TODAY is World Tourism Day.
The 2012 World Tourism Day is a timely reminder of the many benefits destinations can accrue from tourism. Among other things, tourism is able to create employment, improve wellbeing of communities, generate revenue for government, and provide opportunities for cross-cultural exchange and understanding.
The Fiji Tourism Development Plan 2007-2016 noted that, "tourism is an activity which involves special relationships between visitors, the industry, the environment, local communities and government".
However, the success of tourism depends on how these relationships can be harnessed and how destinations can sustainably manage their limited resources and capacity to accommodate tourism growth. Small island destinations like Fiji must understand their vulnerabilities and implement management tools to ensure tourism resources are used within their acceptable limits. Many management approaches have been implemented in destinations worldwide and these include: Limit of Acceptable Change (LAC), Total Optimization Management Model, and Carrying Capacity assessments. Recently, other indicators have been incorporated to better monitor and manage changes taking place in destinations. Indicators are used as tools to monitor tourism development and provide decision makers with key information relating to the management of tourism resources within a destination. Sustainability indicators can be used to determine if destinations have reached their thresholds or carrying capacities. When such situations are identified, strategies can then be developed and integrated into the outcomes of sustainability monitoring so that development is more sustainable. In 2009, research was conducted to examine the impact of tourism on Kadavu, an emerging tourist destination.
A case study approach was used to investigate the current economic, socio-cultural, and environmental practices prevailing in three villages and two resorts. The study also looked at the current perceptions of tourists on Kadavu as a destination, at the perceptions of tourism in the three communities and how these communities have been affected by tourism. We learn from the research that all three local communities are supportive of tourism. It is seen by locals as a provider of employment and a generator of income; it has improved their standard of living and has allowed them to value their resources.
Consequently, villagers support tourism because of the benefits they see that result from this form of business and would like to see more tourists visiting the island. For their part, tourists like Kadavu and feel that it should be kept in its present state, but they also feel it could accommodate more tourists without being spoiled. Indeed, many tourists who were interviewed said they would return if given the opportunity. The research shows that the activities at the resorts and in the communities are still sustainable, that is, they are below the carrying capacity level.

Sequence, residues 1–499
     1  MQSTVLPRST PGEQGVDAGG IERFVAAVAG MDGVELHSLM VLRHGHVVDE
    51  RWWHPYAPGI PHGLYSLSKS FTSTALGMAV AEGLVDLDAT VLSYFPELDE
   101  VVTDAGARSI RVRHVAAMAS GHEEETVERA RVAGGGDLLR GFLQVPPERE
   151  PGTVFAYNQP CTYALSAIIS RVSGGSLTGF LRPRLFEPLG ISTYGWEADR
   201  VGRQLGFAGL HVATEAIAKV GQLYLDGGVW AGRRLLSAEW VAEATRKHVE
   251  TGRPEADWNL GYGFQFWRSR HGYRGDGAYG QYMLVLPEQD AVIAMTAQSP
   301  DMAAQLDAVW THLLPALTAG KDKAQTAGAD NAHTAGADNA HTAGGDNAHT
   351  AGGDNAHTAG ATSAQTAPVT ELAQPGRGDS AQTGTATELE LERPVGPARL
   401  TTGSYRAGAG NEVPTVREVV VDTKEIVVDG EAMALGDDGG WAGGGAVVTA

However, awareness, capacity-building and mentoring needs to be conducted so that neighboring communities can work together with government and other stakeholders in managing tourism growth in the island.
An environmentally-friendly infrastructure also needs to be put in place, and tourism development practices need to be monitored to identify problems early on. The study highlights the importance of engaging communities in the planning and management of tourism, especially in small islands.
Community leaders should decide on what is negotiable and what is not in terms of what should be displayed to tourists and what should be protected. If tourism continues to grow without control from the communities, people may start reacting differently towards tourists, while tourists might be felt to put pressure on resources, displace locals from traditional places or activities, and cause alterations in the traditional lifestyle.
Determining tourism carrying capacity is vital for island destinations and doing this at the early stage of tourism development is even better. It will then ensure that tourism is planned, developed and controlled right from the beginning. By contrast, many destinations calculate tourism carrying capacity only at later stages of tourism development, when it may be too late.
Tourism can grow in emerging destinations like Kadavu if proper infrastructures and facilities are provided. If more air transport schedules can be facilitated to meet new demand, then there is potential for growth.
Overall, this research contributes to a greater understanding of sustainable tourism on small islands.
Sustainability indicators can be used to determine the level of tourism activities in a destination and can assist government and other stakeholders in implementing strategies to ensure maximum benefits from tourism.
* MARIKA KUILAMU is a lecturer with the USP's School of Tourism and Hospitality Management. The views expressed here are his and not of this newspaper.